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7 business models for small businesses

A business model is designed to answer the questions “how does this business work?” It focuses on three sections of a company. Everything the company makes, everything the company does to sell the product or service, and everything the customer does to pay for the product or service. There are seven business models for small businesses to consider.

BUSINESS MODEL 1: The manufacturer

This is model is based on a company making the product from raw materials or assembling premade parts into a new product. They would sell directly to their consumers or they would sell to a middle man. This is the most basic business model.

BUSINESS MODEL 2: Bricks and clicks

This model is designed for a company which has a physical and an online store. The customer can either purchase the product in-store or they can order it online and collect it directly from the store. This model offers the company a larger customer base to target as they are doing business online and offline. An example of this is Cape Union Mart and Romans Pizza.

BUSINESS MODEL 3: Advertising

This model is based on creating content which people would like to consume and then offering advertisers space on your platform to advertise their product. We can see this model used on YouTube, many blog sites which have advertising on the side of the blog, and in podcasts. The advertisers pay to have their ad on your platform. The only drawback to this model is that your consumers may become frustrated with seeing the advert. Therefore, you need to ensure the adverts on your blog, podcast or YouTube channel are relevant to your product or that you offer a paid-for ad-free experience.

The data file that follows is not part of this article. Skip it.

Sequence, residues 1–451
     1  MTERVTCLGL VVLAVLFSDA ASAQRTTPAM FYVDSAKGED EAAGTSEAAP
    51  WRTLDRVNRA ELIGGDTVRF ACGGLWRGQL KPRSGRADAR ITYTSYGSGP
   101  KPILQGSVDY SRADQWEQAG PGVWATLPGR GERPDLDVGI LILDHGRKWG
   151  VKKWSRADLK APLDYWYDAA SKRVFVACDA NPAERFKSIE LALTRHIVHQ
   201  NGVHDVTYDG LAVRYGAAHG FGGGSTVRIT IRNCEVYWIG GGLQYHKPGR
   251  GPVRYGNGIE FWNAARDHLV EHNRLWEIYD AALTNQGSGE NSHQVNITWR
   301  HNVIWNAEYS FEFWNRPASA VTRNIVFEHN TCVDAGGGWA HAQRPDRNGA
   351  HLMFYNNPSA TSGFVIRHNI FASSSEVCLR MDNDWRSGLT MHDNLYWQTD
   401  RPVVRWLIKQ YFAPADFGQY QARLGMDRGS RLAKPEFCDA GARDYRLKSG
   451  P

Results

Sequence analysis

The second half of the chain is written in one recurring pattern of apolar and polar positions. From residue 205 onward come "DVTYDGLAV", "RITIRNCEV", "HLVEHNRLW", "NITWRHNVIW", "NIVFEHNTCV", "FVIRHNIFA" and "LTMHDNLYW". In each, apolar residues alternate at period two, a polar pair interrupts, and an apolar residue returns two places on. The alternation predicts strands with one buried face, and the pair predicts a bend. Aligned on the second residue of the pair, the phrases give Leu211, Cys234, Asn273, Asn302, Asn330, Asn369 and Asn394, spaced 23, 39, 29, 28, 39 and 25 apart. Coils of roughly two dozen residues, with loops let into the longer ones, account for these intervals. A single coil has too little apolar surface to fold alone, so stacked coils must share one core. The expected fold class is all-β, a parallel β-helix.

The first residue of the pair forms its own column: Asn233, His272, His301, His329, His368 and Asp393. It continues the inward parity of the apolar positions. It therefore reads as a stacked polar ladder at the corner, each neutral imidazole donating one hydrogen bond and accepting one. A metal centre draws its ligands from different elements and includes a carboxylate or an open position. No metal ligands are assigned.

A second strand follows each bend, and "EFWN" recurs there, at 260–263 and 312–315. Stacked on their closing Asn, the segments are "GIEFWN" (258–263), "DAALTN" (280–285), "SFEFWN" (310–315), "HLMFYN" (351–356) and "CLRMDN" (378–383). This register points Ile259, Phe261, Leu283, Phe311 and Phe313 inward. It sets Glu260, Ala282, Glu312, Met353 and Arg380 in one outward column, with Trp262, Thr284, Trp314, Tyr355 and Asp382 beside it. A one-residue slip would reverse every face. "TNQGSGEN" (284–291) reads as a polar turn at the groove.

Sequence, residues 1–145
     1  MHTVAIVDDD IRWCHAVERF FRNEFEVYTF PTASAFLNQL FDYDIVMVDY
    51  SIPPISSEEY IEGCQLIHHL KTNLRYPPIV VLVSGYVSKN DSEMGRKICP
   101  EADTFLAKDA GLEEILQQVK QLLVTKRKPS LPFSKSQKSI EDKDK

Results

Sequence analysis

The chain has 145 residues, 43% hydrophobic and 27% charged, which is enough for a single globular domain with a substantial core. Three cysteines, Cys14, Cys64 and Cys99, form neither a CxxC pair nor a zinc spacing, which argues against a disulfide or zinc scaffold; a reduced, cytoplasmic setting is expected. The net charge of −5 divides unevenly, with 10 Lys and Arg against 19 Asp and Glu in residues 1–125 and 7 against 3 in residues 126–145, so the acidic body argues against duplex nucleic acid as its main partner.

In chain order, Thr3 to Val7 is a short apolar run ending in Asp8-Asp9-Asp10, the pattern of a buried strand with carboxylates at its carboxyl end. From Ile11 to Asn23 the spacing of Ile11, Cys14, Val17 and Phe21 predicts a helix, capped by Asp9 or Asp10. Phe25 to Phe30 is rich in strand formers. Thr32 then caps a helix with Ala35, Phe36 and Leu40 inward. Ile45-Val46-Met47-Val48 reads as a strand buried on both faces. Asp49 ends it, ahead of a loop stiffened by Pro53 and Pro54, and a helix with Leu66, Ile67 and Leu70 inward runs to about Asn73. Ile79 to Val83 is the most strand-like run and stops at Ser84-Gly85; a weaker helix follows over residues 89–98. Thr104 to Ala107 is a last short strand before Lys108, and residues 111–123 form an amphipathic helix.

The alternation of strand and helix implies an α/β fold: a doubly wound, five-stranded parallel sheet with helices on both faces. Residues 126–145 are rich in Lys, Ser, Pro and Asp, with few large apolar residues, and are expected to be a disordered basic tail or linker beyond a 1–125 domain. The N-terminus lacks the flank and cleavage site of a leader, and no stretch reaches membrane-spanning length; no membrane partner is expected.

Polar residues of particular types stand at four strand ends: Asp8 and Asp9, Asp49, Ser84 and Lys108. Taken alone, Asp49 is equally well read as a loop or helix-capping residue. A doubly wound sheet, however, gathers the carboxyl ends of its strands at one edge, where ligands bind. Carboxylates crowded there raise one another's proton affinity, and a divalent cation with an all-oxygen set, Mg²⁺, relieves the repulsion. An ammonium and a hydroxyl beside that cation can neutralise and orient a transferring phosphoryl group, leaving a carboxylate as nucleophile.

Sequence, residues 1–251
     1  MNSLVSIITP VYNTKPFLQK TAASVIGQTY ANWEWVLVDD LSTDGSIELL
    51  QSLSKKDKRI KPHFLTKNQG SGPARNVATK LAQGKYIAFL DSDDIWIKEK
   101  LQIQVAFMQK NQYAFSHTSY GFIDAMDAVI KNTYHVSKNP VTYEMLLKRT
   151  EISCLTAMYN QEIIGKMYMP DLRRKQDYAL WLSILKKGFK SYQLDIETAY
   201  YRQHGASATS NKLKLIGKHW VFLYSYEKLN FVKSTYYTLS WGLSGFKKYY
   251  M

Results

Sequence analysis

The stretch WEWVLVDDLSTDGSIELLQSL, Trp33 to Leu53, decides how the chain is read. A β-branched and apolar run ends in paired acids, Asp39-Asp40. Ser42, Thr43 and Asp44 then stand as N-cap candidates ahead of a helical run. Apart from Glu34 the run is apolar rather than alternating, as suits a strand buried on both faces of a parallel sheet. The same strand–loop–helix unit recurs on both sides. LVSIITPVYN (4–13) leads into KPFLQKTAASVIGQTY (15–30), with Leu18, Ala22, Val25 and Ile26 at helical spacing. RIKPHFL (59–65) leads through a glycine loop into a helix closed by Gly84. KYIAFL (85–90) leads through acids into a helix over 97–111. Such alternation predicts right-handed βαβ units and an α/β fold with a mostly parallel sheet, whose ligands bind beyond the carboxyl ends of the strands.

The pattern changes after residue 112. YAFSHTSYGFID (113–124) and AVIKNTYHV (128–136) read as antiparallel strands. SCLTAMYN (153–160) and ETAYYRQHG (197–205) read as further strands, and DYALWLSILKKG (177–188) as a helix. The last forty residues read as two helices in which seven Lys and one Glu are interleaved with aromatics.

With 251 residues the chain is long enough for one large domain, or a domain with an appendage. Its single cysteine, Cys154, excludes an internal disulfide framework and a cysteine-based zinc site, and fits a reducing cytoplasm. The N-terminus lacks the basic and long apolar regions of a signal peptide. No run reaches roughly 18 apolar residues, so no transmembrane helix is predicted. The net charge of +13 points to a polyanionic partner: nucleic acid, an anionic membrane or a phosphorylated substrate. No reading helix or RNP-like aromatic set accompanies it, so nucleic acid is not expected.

BUSINESS MODEL 4: The marketplace

The benefit of this model is that you don’t need to have any inventory. You are simply the place which brings the supplier and the buyer together. The most successful company at the moment is Airbnb. In this model, the marketplace owner earns their profit from asking a processing fee.

BUSINESS MODEL 5: Subscription

This model looks at offering a consistent service to a consumer at a monthly fee. The benefit of this model is that you know on an ongoing basis how much money you should make each month. The most common example are subscription boxes or on-demand TV like ShowMax.

BUSINESS MODEL 6: Direct sales

This model has been around for a while but it has gotten a new modern overhaul. People are looking to improve the product which is sold. An example is a company who offered designers the opportunity to design their own t-shirt and sell it online within their platform. The company is called Teespring.

BUSINESS MODEL 7: On-demand

With more consumers wanting instant gratification, the on-demand model has become more popular. An example of the on-demand model is Uber or the local company, Hailer. These companies satisfy a client’s need for instant transportation from one area to another. This model allows small business to mix new technology with existing infrastructure. Another benefit is it works well with the movement of people wanting to become freelancers.

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